Monday, March 16, 2009

Sen On Economic Sense

Amartya Sen is probably one of the most brilliant minds in economics today, and he has been quietly humble about it. He finished his PhD thesis at Cambridge in two years and went back to India to teach for a year to sit out the final year to get his PhD. He became a professor at 23. He wrote on social inequality and welfare economics, and earned the Nobel Prize in 1998.

Sen here wrote a perspective on economic issues and economic theory much more eloquently and scholarly and more authoritatively than I ever could have done - although I am delighted to discover in this piece that he has taken a comprehensive overview of the field of economics study with respect to the economic problems of the world today which I have been trying desperately to do in this blog.

Sen has taken a philosophical perspective to economics which is probably very Cambridge - talking about the limitations of mainstream economic theory which ignores the poor and the disdvantaged, including the limitations of Keynes - which I have been trying to do so in my series of the Irrelevance of Keynes.

For students of economics who have left school a bit too early and have not kept up with their reading on the subject, Sen's article is a very good summary of the broader field which all rounded students should acquaint themselves. His article shows very clearly the unacceptable nature of Econ 101 and how it can be dangerous when used as a basis for policy.

Some quotes:
  • Ideas about changing the organization of society in the long run are clearly needed, quite apart from strategies for dealing with an immediate crisis.
  • How do we assess what is taught and championed among academic economists as a guide to economic policy—including the revival of Keynesian thought in recent months as the crisis has grown fierce?
  • The most immediate failure of the market mechanism lies in the things that the market leaves undone.
  • Smith viewed markets and capital as doing good work within their own sphere, but first, they required support from other institutions—including public services such as schools—and values other than pure profit seeking, and second, they needed restraint and correction by still other institutions—e.g., well-devised financial regulations and state assistance to the poor—for preventing instability, inequity, and injustice.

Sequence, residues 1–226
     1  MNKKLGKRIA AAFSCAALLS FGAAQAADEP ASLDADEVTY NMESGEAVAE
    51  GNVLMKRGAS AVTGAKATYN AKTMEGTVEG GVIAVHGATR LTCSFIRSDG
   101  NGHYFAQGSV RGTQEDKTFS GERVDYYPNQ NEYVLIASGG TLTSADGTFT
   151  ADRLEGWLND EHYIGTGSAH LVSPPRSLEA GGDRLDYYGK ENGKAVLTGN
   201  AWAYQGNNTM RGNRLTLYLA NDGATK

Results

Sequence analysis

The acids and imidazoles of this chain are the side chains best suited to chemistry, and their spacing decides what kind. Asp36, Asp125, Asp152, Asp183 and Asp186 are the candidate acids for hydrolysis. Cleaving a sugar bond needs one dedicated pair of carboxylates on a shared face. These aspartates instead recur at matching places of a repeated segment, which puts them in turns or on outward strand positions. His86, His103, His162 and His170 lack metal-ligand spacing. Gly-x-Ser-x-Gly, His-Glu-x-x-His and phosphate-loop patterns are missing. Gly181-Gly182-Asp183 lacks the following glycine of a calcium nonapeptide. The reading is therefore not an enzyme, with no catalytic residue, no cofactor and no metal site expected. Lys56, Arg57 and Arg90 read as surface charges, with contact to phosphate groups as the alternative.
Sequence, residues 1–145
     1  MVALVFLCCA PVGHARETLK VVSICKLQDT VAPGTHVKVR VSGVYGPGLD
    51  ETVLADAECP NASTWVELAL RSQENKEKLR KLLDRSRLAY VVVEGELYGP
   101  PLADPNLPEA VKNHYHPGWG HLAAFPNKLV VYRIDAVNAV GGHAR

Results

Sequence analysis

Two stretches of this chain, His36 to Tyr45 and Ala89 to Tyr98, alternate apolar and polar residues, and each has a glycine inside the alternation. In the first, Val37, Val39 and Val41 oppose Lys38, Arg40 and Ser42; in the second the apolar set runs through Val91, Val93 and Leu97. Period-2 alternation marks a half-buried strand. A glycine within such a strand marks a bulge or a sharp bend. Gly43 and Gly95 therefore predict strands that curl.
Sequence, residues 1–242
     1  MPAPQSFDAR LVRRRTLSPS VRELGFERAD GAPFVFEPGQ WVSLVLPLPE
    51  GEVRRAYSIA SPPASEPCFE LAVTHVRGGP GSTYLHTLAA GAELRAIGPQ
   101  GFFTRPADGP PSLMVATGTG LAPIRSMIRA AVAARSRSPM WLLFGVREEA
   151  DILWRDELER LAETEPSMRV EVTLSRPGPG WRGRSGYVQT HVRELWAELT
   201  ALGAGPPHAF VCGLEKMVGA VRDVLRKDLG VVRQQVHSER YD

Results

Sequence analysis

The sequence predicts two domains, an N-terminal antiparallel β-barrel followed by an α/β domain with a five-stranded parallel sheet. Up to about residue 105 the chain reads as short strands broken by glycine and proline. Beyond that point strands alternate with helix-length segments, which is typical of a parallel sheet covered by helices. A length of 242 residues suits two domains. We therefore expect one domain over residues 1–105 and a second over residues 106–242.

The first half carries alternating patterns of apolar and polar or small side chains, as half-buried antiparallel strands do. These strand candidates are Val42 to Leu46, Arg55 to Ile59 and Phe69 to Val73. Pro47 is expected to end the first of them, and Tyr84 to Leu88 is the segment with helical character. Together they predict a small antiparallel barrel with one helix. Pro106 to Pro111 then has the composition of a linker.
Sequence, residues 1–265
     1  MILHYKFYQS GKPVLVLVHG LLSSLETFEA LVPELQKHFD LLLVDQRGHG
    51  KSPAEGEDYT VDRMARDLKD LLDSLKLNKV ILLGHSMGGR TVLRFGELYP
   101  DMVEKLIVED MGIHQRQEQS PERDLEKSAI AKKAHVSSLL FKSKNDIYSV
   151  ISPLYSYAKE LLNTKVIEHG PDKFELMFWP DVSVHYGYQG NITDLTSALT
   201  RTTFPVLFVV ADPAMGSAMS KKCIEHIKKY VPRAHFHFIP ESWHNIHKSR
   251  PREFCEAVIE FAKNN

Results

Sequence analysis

• The moral and legal obligations and responsibilities associated with transactions have in recent years become much harder to trace, thanks to the rapid development of secondary markets involving derivatives and other financial instruments.
  • While Keynes was very involved with the question of how to increase aggregate income, he was relatively less engaged in analyzing problems of unequal distribution of wealth and of social welfare.
  • There is a critical need for paying special attention to the underdogs of society in planning a response to the current crisis, and in going beyond measures to produce general economic expansion.
  • That the market economy can be particularly bad in delivering public goods (such as education and health care) has been discussed by some of the leading economists of our time, including Paul Samuelson and Kenneth Arrow.
  • A crisis not only presents an immediate challenge that has to be faced. It also provides an opportunity to address long-term problems when people are willing to reconsider established conventions. This is why the present crisis also makes it important to face the neglected long-term issues like conservation of the environment and national health care, as well as the need for public transport, which has been very badly neglected in the last few decades and is also so far sidelined—as I write this article—even in the initial policies announced by the Obama administration.


de minimis said...

This is an interesting added dimension. I am going to read it and, I hope others will too.

hishamh said...

Good pun in the post! Sen's comments appear to have the agreement of virtually everybody, from Mankiw to Rodrik. He's also one of the few modern economists who seem to have gotten Smith correctly, according to Gavin Kennedy: